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CHAPTER 4 The Foundation: Leadership There are a number of important factors Executive Lead- CHAPTER 4 AT-A-GLANCE ers must consider in creating an innovative and success- This chapter includes ful organization that directly relates to the development, · Definition of roles and responsibilities; implementation and management of a CACP process. · The role of the Capital Management Team (CMT); First, Executive Leaders must take a step back and · Four managing principles: flexibility, accountabil- re-examine to whom an ACP is important and for what ity, collaboration and transparency; · Agency policy: vision, mission and goals; reasons. Knowing who the decision makers, influencers, · Organization: environment for collaboration; and funding entities are helps to shape the policies and · Resources: staff and tools to deliver results; procedures for accounting and reporting on critical com- · Management: establish corporate culture; and ponents of the CACP process. Furthermore, recognizing · The power of partnerships. the needs and wants of the beneficiaries, partners and par- ticipants is a first step in developing a process and program that will gain the support for new initiatives, programs, and projects important to the growth of the airport. Second, Executive Leaders must define clear roles and responsibilities to effectively manage expectations on performance and deliver expected results. A responsibility matrix is a useful technique to guide the selection of key participants, to define key roles and responsibilities for Case Study 2: Institutionalizing Collaboration to Achieve Transparency and Accountability The Columbus*Stat process began with key stakeholders and participants signing a formal agreement known as the Columbus Covenant (see page C-2 of Appendix C). This agreement was driven by the mayor and binds designated internal decision makers and external stakeholders to a set of strategic goals for performance management. Fur- thermore, the Covenant is embedded in the employee handbook. The Covenant delin- eates a set of high-level goals to which all strategic priorities and budgeted initiatives are linked. The Columbus*Stat program designates an executive level panel composed of the · Mayor, his chief of staff and deputy chiefs of staff; · Financial Management Department Administrator (which supervises the Perfor- mance Management Office); and · Directors of finance, human resources, information technology departments. 22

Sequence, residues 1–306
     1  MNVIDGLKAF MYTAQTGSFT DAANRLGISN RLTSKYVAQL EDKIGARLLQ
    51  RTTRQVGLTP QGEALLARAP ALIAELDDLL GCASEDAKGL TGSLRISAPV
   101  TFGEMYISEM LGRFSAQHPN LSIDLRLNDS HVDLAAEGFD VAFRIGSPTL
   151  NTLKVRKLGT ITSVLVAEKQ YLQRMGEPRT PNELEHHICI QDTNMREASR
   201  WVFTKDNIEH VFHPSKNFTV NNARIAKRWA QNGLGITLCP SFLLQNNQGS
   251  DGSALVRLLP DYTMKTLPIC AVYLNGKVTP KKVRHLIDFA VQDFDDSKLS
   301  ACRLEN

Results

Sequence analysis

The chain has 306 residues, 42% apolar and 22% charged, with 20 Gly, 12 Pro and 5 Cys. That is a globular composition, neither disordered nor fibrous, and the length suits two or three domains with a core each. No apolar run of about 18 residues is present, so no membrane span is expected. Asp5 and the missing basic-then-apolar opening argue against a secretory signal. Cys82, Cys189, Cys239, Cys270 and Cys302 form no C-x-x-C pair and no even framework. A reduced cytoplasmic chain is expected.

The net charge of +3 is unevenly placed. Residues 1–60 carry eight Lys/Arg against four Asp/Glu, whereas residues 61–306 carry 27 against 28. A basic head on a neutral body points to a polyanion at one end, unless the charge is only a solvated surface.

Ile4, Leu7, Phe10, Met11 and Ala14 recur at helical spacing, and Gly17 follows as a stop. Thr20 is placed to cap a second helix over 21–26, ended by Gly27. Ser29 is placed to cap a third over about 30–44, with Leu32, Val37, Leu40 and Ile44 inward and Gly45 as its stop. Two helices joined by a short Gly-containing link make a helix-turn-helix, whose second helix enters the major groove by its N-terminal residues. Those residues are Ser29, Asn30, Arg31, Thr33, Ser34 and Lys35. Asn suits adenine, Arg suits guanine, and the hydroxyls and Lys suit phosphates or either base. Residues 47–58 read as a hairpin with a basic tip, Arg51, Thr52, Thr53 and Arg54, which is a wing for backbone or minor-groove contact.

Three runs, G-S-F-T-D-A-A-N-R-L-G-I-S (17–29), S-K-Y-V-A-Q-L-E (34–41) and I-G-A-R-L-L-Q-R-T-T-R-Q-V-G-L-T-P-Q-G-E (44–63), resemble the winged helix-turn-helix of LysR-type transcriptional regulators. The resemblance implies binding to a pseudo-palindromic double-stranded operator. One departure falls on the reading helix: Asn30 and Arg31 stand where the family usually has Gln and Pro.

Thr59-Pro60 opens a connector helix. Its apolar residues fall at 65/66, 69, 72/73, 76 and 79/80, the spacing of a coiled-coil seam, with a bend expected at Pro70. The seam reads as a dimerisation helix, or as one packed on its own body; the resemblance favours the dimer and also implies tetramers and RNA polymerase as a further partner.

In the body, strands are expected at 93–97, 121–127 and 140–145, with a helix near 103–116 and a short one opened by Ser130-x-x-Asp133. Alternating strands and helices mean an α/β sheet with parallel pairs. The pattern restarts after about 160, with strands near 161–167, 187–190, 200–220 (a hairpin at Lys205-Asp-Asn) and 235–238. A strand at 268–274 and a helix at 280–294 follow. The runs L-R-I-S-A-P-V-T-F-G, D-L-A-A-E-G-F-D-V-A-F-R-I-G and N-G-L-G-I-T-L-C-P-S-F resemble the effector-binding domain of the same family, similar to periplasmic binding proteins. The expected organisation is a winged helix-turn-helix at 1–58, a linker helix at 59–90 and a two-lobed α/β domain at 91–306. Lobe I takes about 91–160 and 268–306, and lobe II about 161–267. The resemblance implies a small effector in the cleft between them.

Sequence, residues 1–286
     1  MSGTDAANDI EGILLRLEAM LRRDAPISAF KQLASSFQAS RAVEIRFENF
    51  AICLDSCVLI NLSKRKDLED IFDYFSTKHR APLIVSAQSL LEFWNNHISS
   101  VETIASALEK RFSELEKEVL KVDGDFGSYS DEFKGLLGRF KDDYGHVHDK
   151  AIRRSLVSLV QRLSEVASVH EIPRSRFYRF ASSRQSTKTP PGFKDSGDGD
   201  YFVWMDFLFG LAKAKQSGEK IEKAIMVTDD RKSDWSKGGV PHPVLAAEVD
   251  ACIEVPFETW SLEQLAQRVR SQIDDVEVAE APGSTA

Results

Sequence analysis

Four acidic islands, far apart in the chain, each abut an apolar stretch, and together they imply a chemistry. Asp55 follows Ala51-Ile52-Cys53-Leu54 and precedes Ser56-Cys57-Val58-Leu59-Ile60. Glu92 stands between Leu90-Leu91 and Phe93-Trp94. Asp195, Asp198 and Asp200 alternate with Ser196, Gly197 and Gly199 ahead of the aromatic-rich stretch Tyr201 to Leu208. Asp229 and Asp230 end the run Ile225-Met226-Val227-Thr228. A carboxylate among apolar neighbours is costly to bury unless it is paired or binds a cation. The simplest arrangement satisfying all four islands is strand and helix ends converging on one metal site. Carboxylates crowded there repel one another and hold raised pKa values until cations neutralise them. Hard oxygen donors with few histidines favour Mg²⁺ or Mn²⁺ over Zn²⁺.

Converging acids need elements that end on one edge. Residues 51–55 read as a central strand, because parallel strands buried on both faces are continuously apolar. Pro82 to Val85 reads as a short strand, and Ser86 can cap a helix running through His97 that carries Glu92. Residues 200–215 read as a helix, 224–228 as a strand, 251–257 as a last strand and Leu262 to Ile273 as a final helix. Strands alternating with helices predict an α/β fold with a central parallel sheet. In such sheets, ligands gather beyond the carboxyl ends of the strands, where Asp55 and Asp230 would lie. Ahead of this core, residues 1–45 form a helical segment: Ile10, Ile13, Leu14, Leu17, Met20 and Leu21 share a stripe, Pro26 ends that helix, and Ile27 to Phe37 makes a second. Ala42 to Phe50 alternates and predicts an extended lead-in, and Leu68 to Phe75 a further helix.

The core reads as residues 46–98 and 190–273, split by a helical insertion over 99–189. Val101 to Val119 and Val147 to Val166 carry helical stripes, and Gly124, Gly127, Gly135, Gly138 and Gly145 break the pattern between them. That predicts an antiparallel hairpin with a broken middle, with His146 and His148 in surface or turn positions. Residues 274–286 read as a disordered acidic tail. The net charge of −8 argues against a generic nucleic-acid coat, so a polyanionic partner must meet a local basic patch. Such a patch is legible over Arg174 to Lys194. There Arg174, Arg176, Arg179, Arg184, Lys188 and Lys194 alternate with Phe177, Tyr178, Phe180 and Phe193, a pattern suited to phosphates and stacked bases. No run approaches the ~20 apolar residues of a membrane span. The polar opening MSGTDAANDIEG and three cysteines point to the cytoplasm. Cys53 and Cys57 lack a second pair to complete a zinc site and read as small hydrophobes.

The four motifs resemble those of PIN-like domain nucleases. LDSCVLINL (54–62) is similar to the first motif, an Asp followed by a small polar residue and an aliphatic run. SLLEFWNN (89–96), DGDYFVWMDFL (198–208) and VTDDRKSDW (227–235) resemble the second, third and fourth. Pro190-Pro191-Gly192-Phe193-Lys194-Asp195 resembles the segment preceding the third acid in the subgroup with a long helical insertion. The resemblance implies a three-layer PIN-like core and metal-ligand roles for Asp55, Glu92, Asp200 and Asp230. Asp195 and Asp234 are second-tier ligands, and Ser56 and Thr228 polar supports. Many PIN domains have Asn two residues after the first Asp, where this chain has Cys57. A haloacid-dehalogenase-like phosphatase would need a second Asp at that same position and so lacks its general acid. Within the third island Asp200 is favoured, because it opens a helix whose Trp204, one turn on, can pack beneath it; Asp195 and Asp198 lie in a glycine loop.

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The Foundation: Leadership 23 This panel meets with designated Columbus*Stat analysts assigned to each depart- ment and representatives from relevant departments. The panel receives regular briefings and reviews progress according to a preset quarterly schedule in a sup- portive and positive environment. Staff is well prepared for the meetings, and agendas are carefully created to avoid surprises and to allow appropriate time for preparation and responses. The reports are then made available on a performance dashboard for department managers on the City's intranet for them to monitor progress. Critical Success Factors: · Institutionalized a process with a Covenant and through changes to organiza- tional structure, tools, and procedures. · Created a culture of collaboration and empowers managers to own the process as well as improved services provided. · Departments worked together to solve problems and improve performance in a simplified process. · Enabled the mayor's management panel to gauge performance, track effective- ness, determine opportunities for improvement, celebrate achievements, and address shortcomings. · Uncovered good policy and procedural ideas. the key participants in the CACP process (see Figure 4 in Chapter 3) and to clarify expectations and objectives regard- Compelling Practice #1 ing procedures, reporting and measures of accountability. Organizational Structure for ACP Success In simple form for a smaller airport, the participants in The Massachusetts Port Authority (Massport) and the CACP process could include the Executive Leader, some the City of Phoenix (PHX) have dedicated depart- variation of a CMT (or same participants as the Leadership ments, the Capital Programs Department and Capi- Team) and both Internal and External Stakeholders (see tal Management Division, respectively, that are Figure 5 in Chapter 3). In larger, more complex airports, the responsible for developing, implementing, and Leadership Team will share the accountability role with overseeing the ACP. Having this function central- the Executive Leader as those individuals are typically in ized in one department creates ownership and charge of making policy and reporting on critical aspects of accountability. It has proven to be successful for the organization. However, the Executive Leader will likely both Massport and PHX. be involved at any size airport because he or she is ultimately accountable to the Agency and Approving Authorities for all actions and results in the CACP process. The Executive Leader is responsible for issuing the directives, policies and procedures of the CACP process. However, the CMT is responsible for overseeing the process and ensuring that all the components of the CACP process are delivered. Internal stakeholders are obligated to par- ticipate in the CACP process, provide data and report on the results and, when necessary, col- laborate on new measures, procedures, and actions. In an accountable and transparent organization, it is the responsibility of the key participants to inform External Stakeholders of the progress on the process at appropriate times. Third, establishing a culture of innovation and change is predicated upon leaders committing to four basic managing principles described below, which are the foundation of the CACP process.